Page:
Pain associated with PAD and Diabetic Neuropathy
In vascular patients such as those with PAD or Diabetic Neuropathy, the pain is generally associated with what is known as Ischaemia or Critical Limb Ischaemia (CLI), which occurs when there is restricted blood supply to tissues. This, in turn, limits the oxygen necessary for the tissues to remain healthy. As a result, tissue damage occurs and neuropathic pain develops which can limit walking, exercise and generally any physical activity if PAD is not addressed.
Keep in mind that individuals with diabetes or who smoke are at higher risk for PAD and these conditions can increase the impact on vessel constriction and tissue damage, thus increase the severity of pain. It is essential that all underlying causes of PAD are addressed to mitigate the potential for severe pain.
Treating PAD associated neuropathic pain
Opioids are generally not recommended as a first line of treatment for PAD associated neuropathic pain, generally caused by the narrowing of the arteries and constricted blood flow. PAD associated pain can be severe and nearly 25% of all those with PAD are at risk for addiction when being prescribed opioids to treat chronic neuropathic pain. Opioids should only be used as a second-line of treatment for those with PAD associated neuropathic pain. Currently, there are no known treatments for PAD or Diabetic Neuropathy, thus many live long-term with the resulting neuropathic pain. But, the pain can be alleviated with diet and other lifestyle changes as well as non-opioid based treatments such as:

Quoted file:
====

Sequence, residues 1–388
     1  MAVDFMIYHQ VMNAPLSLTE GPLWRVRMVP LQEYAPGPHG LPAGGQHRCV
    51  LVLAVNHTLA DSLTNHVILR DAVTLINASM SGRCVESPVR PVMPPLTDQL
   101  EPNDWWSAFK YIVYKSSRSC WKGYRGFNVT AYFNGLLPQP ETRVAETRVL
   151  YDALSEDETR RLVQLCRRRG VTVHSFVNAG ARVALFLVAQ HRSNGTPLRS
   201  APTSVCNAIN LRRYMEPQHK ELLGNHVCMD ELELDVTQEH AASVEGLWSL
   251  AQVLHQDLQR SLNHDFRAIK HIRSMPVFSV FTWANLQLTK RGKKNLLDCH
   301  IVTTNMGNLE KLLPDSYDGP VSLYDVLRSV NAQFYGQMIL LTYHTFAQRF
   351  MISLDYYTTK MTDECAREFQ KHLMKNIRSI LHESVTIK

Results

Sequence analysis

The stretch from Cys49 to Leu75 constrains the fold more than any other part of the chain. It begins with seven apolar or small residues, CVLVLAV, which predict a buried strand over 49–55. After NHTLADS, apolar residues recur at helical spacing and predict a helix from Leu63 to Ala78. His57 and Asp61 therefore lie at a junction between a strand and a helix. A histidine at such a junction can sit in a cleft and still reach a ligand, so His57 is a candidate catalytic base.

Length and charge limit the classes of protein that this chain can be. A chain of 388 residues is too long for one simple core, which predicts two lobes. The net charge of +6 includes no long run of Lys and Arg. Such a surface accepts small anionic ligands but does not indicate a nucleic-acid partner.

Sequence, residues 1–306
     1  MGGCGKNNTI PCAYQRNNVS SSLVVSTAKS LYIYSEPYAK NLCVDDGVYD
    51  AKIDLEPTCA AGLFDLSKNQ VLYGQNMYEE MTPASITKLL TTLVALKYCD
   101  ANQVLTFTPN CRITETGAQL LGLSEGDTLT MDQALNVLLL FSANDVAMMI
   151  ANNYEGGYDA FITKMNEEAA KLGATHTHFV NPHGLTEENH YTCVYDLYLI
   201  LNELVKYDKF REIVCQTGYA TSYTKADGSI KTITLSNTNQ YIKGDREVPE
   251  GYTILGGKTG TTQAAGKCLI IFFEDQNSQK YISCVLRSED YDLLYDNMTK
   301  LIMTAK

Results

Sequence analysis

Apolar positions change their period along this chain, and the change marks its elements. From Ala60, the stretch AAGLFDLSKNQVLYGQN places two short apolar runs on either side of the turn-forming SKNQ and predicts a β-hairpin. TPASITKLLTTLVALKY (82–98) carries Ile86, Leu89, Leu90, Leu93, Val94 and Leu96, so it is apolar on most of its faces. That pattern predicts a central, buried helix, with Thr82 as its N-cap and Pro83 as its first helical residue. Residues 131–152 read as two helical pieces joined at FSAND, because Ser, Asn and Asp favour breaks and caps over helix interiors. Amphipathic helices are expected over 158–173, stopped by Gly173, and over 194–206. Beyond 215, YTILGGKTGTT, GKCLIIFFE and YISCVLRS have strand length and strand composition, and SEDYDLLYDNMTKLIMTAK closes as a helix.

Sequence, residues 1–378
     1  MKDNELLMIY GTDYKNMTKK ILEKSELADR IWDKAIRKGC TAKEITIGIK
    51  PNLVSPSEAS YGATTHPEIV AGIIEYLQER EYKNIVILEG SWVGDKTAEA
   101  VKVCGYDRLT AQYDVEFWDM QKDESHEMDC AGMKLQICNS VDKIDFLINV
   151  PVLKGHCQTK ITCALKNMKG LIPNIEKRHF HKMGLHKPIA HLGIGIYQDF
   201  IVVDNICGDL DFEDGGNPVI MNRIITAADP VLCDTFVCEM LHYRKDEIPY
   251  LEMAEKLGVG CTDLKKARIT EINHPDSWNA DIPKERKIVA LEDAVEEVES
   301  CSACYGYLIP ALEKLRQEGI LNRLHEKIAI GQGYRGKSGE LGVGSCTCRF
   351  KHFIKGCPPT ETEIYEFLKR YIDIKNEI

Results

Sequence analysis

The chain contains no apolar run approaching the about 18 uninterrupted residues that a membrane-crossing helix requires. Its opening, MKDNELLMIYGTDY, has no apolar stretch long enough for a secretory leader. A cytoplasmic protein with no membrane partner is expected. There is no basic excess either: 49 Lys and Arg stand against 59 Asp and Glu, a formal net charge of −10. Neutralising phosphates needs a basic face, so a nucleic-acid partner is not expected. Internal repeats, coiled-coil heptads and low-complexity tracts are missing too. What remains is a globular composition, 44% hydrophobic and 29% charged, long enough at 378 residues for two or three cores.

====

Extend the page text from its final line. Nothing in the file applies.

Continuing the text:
- Amitriptyline – also used for treatment of headaches and depression
- Suloxetine – also used for treatment of bladder problems and depression
- Pregabalin and gabapentin – also used to treat epilepsy, headaches or anxiety
Only your doctor can determine the best way to treat PAD associated neuropathic pain but the use of opioids should be avoided. At JanOne, the premise of TV1001SR, the PAD treatment currently in our pipeline, is the use of nitrites to reverse constriction of the arteries, repair damaged arterial tissues and increase blood flow to near normal function. This, in turn, has the potential to remediate PAD neuropathic pain. That means less risk for opioid abuse at the prescription pad.